Throughout the entire world, music is one thing that is a constant. From Africa to Antarctica, music can be found. There are literally millions of types of music out there: Rock, Rap, Pop, EMO, Hard-core, Ska, Latin, Classical. The list goes on and on. But one form of music has had one of the most significant histories of them all: Punk rock. A look into the history of this type of music will help us understand why punk rock sounds and feels the way it does. It is necessary to look at the types of dancing, different types of punk rock, and the reasons behind it to understand how and why this type of music formed.
Through the years some punk has had influences from country to the Grateful Dead. Some of this may not even be punk at all. An example of this can be clearly seen in a song by Rancid entitled “Time Bomb” off their album, “… And Out Come the Wolves”5. In this song a clear form of Reggae is seen with one listen. Punk originated in Britain in the mid Seventies. The first commercially successful punk band was The Sex Pistols. Then came groups like Black Flag, Husker Du, and Bad Brains. The first American punk started in a New York club called CBGB’s.
CBGB’s would attract a crowd of about 500 with its Sunday-afternoon hard-core matinees. The concerts could be over by a reasonable time so kids could get home to eat dinner with their parents. Most punk groups don’t make much money at all. Once in a while a punk group will hit it big time but that is very rare. Paul Westerbert, lead singer of the Replacements quotes, “We are the hungriest band I’ve ever seen. We get in the van and drive to a town, play, stay at a friend’s house. Wake up when they throw us out. Drive the rest of the day. Play the next night. We get fifteen dollars a day.
And when we’re home, we don’t get nothing. We’re way in debt. We own a van, it breaks down, and you know when you play that the gig money goes to pay for the broken-down van. We’re used to it. ”(6) Slam dancing has been popular through the history of punk. You may have heard of called “moshing” or “stage diving. ” Moshing is just a big game of bumper cars like you played when you were a kid. I think Natalie Jacobson who is dating the lead singer of “Murphy’s Law” describes stage diving best when says, “It’s like diving into a human carpet. Something like the old kids’ trust game.
Just my way of getting into it. Gospel people got their thing, I got mine. “1 Some punks consider themselves Nazis’, or are concerned with issues like peace, racism, and nuclear war. Most punk is against parental, musical, and political authorities. On the other hand some isn’t. Bob Mould of Husker Du talks about politics quite frequently in his songs. I don’t write about politics because I’m not an expert. Some bands find it very necessary to claim they’re politically relevant when in actuality they don’t know censored about politics. Not informing people is much better than misinforming people.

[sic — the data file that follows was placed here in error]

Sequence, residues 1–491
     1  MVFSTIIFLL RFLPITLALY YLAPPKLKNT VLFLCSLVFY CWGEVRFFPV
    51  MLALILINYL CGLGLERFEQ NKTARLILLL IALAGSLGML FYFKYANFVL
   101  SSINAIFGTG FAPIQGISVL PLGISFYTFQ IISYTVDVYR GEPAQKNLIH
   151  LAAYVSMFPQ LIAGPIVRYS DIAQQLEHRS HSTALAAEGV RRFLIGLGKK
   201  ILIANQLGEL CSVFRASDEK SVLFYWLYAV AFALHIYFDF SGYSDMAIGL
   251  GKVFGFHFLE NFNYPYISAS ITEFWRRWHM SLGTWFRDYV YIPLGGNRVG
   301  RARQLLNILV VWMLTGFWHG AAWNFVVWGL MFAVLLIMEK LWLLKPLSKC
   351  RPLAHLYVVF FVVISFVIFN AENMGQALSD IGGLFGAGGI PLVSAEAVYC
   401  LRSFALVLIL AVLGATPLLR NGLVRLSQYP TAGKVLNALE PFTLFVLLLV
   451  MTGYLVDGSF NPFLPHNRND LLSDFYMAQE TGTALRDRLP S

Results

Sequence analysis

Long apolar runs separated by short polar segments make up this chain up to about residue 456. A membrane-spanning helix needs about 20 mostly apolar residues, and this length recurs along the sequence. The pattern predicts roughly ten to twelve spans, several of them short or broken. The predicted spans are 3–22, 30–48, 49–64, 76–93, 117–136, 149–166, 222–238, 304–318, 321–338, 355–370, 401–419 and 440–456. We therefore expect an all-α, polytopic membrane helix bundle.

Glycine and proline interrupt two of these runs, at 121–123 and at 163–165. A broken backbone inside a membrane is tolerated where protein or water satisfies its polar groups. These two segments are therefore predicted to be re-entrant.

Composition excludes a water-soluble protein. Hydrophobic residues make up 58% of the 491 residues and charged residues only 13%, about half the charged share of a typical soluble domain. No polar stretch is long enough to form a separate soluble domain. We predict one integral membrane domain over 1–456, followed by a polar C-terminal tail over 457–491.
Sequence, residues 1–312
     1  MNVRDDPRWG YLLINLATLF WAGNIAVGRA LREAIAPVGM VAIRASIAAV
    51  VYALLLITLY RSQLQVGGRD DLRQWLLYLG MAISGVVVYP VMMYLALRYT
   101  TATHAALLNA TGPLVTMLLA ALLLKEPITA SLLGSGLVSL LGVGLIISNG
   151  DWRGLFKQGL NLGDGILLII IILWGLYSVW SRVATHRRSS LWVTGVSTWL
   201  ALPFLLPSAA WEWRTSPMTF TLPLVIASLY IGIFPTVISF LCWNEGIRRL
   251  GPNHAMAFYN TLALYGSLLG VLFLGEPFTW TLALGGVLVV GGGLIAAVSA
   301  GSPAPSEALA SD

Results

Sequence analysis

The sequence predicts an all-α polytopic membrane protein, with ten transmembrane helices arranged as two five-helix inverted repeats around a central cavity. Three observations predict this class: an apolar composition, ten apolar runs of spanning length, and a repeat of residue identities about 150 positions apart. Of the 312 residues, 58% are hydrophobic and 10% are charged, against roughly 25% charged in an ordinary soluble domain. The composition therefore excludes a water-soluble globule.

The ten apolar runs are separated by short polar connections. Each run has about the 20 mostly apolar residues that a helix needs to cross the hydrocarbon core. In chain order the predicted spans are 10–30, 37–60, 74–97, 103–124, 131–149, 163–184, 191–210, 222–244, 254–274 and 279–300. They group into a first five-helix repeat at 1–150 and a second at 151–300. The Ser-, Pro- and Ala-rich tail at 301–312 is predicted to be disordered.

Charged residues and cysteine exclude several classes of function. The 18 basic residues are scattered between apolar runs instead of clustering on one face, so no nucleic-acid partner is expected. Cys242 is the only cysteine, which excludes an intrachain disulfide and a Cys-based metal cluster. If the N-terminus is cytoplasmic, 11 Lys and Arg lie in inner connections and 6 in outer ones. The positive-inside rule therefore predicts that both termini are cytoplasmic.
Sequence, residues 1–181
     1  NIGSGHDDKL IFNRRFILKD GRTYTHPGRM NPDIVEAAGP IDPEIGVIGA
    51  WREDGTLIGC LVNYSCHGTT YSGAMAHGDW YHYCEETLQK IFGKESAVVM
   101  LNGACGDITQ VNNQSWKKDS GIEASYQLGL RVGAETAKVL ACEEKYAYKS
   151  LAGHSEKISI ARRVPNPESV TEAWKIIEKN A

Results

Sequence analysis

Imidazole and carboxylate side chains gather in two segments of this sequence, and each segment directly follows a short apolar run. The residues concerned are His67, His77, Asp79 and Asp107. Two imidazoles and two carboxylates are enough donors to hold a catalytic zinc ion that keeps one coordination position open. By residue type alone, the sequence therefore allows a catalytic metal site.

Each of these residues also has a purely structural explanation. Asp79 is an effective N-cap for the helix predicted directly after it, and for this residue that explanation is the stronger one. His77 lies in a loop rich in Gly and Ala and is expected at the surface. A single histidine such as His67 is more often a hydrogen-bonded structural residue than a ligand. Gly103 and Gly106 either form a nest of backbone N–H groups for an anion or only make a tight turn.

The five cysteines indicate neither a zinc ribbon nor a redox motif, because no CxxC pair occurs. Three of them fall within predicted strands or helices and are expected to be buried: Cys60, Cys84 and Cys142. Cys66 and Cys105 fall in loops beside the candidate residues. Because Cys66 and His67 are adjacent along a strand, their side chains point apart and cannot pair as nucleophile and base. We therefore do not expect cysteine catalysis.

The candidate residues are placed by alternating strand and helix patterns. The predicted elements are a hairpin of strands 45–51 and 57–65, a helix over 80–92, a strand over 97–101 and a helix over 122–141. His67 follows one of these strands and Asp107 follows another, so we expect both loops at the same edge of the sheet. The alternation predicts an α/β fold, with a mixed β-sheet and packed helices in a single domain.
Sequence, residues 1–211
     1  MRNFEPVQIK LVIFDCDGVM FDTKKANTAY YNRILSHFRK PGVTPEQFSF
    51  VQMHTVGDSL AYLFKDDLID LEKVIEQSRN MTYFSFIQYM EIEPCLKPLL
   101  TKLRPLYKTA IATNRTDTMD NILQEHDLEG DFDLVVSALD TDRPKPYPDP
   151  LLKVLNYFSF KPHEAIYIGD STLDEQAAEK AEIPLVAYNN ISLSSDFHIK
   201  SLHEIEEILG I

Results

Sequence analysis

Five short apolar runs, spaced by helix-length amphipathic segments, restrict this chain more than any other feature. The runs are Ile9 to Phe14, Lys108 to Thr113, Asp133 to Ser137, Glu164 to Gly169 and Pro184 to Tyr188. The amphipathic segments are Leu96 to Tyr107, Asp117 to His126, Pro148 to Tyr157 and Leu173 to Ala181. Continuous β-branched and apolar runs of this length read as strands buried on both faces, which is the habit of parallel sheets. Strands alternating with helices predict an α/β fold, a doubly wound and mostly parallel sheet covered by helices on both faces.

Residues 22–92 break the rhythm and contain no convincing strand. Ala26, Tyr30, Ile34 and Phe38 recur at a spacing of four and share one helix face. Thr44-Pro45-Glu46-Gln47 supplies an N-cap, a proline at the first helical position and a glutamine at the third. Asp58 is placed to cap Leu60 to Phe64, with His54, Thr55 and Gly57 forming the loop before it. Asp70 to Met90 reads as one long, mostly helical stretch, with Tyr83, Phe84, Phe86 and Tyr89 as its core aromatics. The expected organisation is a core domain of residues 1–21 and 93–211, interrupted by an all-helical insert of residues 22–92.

We’re sort of like reporters in a way. Reporters of our own mental state. Reporters of the state of the air. Consciousness. Of the day. We make personal statements. 2 Most punks that live in small towns have trouble making friends. They find it hard to relate to most people. Sixteen-year-old Becca Levine finds it hard to make friends in her small town. She comes from a family of divorced parents that never have understood her. Her mother thinks it’s just a phase she’s going through. As Levine Quotes, “Parents around here treat me like I’m kind of weird. 3 She has met someone from New York City that understands her.
She meets with him at concerts at clubs like the Ritz or CBGB’s. She met someone else also. Someone about 20 minutes away from her hometown who wrote an ad in a national magazine looking for someone to associate with that would understand him. He got a lot of responses, but when he saw the letter from Levine, he called her right up. They met for the first time at a Hard-Core show in New York City. But still no one in her hometown understands her. Fitting in with the New York hard-core scene is one of her goals. Punk has its very own unique style.
Although punk sports hard edges, bright colors, shaved heads, leather jackets, Mohawks, and army boots. You can’t really tell if a person is a punk by the way they dress or do their hair. Wanda Draper, professor of psychiatry and behavioral sciences at the University of Oklahoma says, “We need to look at their reactions and responses to what goes on around them in everyday life. When we know that this is a fad-that it is an effort to be a part of the ‘group’-we can usually relax. “4 Punk is also related to Hard-Core and Ska. Hard-Core is usually heavier and more upbeat than regular punk.
Ska is punk with some trumpets or saxophones playing along. Drugs, rock star ego’s, and in some cases death ruined the development of punk bands back around 1980 like the Sex Pistols, Black Flag, and The Germs. It made a recent comeback in the early nineties. Julia Sazbo quotes, “Music lovers will argue that it all started in early 1993 when Rhino Records came out with D. I. Y. (Do It Yourself), a nine-volume aural history of punk. They came tours by the Ramones, the Stranglers, and Television. “7 Believe it or not. Punk has been and still is surviving mostly on minor labels.